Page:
ROME, December 22, 2016 (LifeSiteNews) – Today, during his annual Christmas address to the Vatican’s top officials, Pope Francis laid out his vision for his ongoing reform of Vatican structures, while also mounting a brief but pointed critique of unnamed individuals who are “resisting” the reform.
Vatican watchers were paying close attention to see how the pope would address the ongoing saga of the four Cardinals who are calling for clarity on fundamental questions of conscience and morality in Amoris Laetitia.
But, in a tack similar to his treatment of Communion for the divorced and remarried in Amoris Laetitia, Pope Francis approached the question of “resistance” in an ambiguous way, leaving it open to interpretation whether or not his sharpest words were directed at orthodox prelates defending the Church’s Tradition.
He said there are “good cases of resistance,” but also highlighted a form of “malicious resistance” that “takes refuge in traditions,” and which is inspired by the devil.
“There can be cases of open resistance, often born of goodwill and sincere dialogue, and cases of hidden resistance, born of fearful or hardened hearts content with the empty rhetoric of 'spiritual window-dressing’ typical of those who say they are ready for change, yet want everything to remain as it was before,” he said, according to the Vatican’s translation.
“There are also cases of malicious resistance, which spring up in misguided minds and come to the fore when the devil inspires ill intentions (often cloaked in sheep’s clothing),” he said. “This last kind of resistance hides behind words of self-justification and often accusation; it takes refuge in traditions, appearances, formalities, in the familiar, or else in a desire to make everything personal, failing to distinguish between the act, the actor, and the action.”
Throughout his pontificate, Pope Francis has used the customary Christmas address to the curia as an opportunity to lay out his papal vision, while criticizing unnamed opponents. In 2014 he enumerated 15 “ailments” that plague the Vatican bureaucracy. In 2015, he spoke of the “sicknesses” that have befallen the Roman Curia. He added 12 “medicines” like gentleness, alertness, sobriety, and humility as antidotes for these sicknesses.
The 12 ‘guiding principles’ of Pope Francis’ reform
During this year’s address, he reflected on the underlying principles of the Vatican reform he is pursuing, emphasizing that it is ultimately about “conversion” rather than a “face lift,” with the goal of helping the Curia “conform ‘to the signs of the times’” so as to better promote the Gospel to the modern world.
“It isn’t wrinkles we need to worry about in the Church, but blemishes!” he said.
“The reform of the Curia is in no way implemented with a change of persons – something that certainly is happening and will continue to happen – but with a conversion in persons,“ he said.
“Permanent formation is not enough; what we need also and above all is permanent conversion and purification. Without a change of mentality, efforts at practical improvement will be in vain.“
Much of the Pope’s address focused on 12 “guiding principles” of the reform process: individual responsibility, pastoral concern, missionary spirit, clear organization, improved functioning, modernization, sobriety, subsidiarity, synodality, catholicity, professionalism, and gradualism.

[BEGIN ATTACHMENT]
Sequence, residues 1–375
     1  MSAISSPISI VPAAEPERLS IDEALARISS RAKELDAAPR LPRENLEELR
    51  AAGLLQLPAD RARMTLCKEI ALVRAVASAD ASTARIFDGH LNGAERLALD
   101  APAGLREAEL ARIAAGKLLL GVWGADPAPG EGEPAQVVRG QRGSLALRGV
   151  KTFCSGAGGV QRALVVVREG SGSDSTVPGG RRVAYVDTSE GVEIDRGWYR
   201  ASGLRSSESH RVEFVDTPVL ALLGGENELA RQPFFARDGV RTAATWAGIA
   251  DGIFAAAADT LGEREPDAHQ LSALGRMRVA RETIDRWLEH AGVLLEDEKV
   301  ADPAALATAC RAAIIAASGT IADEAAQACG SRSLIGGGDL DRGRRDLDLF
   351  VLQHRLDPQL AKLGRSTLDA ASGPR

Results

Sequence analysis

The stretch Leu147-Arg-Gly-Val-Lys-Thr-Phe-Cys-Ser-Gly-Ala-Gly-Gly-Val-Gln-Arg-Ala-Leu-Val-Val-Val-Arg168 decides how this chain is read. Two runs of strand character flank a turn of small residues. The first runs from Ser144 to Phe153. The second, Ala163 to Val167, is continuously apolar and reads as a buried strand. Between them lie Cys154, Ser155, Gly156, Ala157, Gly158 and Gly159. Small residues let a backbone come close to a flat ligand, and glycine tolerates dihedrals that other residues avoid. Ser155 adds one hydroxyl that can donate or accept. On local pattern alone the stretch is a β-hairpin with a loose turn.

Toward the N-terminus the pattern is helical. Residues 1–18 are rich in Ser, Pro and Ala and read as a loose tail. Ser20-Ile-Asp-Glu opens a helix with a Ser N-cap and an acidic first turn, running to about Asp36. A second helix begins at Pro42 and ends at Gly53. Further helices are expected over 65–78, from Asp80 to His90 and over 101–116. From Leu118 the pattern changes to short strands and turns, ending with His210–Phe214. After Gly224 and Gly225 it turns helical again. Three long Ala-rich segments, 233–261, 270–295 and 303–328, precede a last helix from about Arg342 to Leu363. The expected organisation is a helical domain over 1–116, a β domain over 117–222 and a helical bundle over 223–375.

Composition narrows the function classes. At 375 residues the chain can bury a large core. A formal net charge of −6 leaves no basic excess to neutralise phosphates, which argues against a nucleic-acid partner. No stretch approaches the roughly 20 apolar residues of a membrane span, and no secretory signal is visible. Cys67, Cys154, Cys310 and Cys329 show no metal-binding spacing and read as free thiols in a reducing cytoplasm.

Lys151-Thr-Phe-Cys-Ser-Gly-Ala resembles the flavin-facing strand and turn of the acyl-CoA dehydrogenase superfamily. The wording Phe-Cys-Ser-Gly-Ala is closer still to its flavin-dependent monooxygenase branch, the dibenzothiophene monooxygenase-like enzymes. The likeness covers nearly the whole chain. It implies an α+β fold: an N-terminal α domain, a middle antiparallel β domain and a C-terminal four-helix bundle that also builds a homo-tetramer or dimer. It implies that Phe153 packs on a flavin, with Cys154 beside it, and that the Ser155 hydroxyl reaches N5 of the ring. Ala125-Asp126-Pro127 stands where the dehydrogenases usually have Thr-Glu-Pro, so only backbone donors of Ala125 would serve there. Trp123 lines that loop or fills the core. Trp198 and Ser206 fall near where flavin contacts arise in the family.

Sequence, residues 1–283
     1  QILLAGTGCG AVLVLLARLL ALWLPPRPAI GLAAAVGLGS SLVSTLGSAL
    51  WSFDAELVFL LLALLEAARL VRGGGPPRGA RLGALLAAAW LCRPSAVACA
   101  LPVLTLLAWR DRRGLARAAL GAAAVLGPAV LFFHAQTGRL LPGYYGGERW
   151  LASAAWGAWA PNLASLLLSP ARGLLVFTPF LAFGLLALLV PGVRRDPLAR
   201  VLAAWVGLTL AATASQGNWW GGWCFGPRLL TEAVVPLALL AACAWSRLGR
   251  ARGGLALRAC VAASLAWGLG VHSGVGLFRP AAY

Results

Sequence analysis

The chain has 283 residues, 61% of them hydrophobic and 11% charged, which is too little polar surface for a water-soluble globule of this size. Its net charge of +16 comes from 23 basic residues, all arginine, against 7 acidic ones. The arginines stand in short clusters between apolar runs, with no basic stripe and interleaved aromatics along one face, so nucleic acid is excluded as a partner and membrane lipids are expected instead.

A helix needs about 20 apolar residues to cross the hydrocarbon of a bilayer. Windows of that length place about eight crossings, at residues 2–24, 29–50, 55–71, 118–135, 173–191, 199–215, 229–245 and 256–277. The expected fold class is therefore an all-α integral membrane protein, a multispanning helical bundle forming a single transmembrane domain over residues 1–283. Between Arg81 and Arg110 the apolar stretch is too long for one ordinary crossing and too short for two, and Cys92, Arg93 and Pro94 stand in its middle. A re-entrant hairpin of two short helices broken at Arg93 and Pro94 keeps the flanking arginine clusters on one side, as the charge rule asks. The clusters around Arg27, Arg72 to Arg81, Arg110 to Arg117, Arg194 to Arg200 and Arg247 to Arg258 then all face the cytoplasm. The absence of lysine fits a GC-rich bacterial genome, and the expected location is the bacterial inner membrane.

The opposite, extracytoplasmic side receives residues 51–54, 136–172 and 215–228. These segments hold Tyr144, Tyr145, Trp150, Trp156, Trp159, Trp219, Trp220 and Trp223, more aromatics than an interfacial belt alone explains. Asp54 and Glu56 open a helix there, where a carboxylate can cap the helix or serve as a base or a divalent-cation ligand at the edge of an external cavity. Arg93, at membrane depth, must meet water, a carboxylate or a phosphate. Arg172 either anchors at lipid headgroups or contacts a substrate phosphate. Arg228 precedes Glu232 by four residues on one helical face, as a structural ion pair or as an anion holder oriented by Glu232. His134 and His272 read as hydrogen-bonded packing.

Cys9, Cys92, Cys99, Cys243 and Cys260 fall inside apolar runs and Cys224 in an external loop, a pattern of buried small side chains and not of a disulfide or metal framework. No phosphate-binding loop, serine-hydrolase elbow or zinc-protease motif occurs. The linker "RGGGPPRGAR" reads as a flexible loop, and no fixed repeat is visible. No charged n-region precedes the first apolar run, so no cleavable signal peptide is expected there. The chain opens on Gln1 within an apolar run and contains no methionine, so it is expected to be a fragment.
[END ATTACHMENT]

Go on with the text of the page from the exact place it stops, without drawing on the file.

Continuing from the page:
For Pope Francis, “modernization” involves “an ability to interpret and attend to the ‘signs of the times.’” He explained that the Dicasteries of the Curia must work in a way that is more appropriate to the needs of the Universal Church.
Regarding professionalism, the Pope said the practice of “promoting to remove” (“promoveatur ut amoveatur”), in which someone is given a higher position to remove them from a difficult situation, is a “cancer” that must be eliminated.
Under “catholicity,” he called for a greater integration of women and lay people at the Vatican, including to leadership positions, as well an increasing attention to “multiculturalism” in hiring.
“It is fitting to provide for the hiring of greater numbers of the lay faithful, especially in those Dicasteries where they can be more competent than clerics or consecrated persons,” he said. “Also of great importance is an enhanced role for women and lay people in the life of the Church and their integration into roles of leadership in the Dicasteries, with particular attention to multiculturalism.”
Lay employees, he said, should be “carefully selected on the basis of their unexceptionable spiritual and moral life and their professional competence.”
The inclusion of “gradualism” on the list is a matter of concern, given that it was a term used at the Synod on the Family to allow the gradual process of admitting people in irregular situations to Communion. In his Christmas address, he says that reforms can be approved as an experiment, but does not indicate what type of reform he has in mind. “Gradualism has to do with the necessary discernment entailed by historical processes, the passage of time and stages of development, assessment, correction, experimentation, and approvals ad experimentum. In these cases, it is not a matter of indecision, but of the flexibility needed to be able to achieve a true reform.“
After listing his twelve “guiding principles,” Pope Francis went through a list of changes made to the Curia thus far.
Then at the end he handed out a Christmas gift: a book called Industriæ pro superioribus eiusdem Societatis, ad curandos animae morbos, which was written by the third general superior of the Jesuits and deals with the “illnesses of the soul.”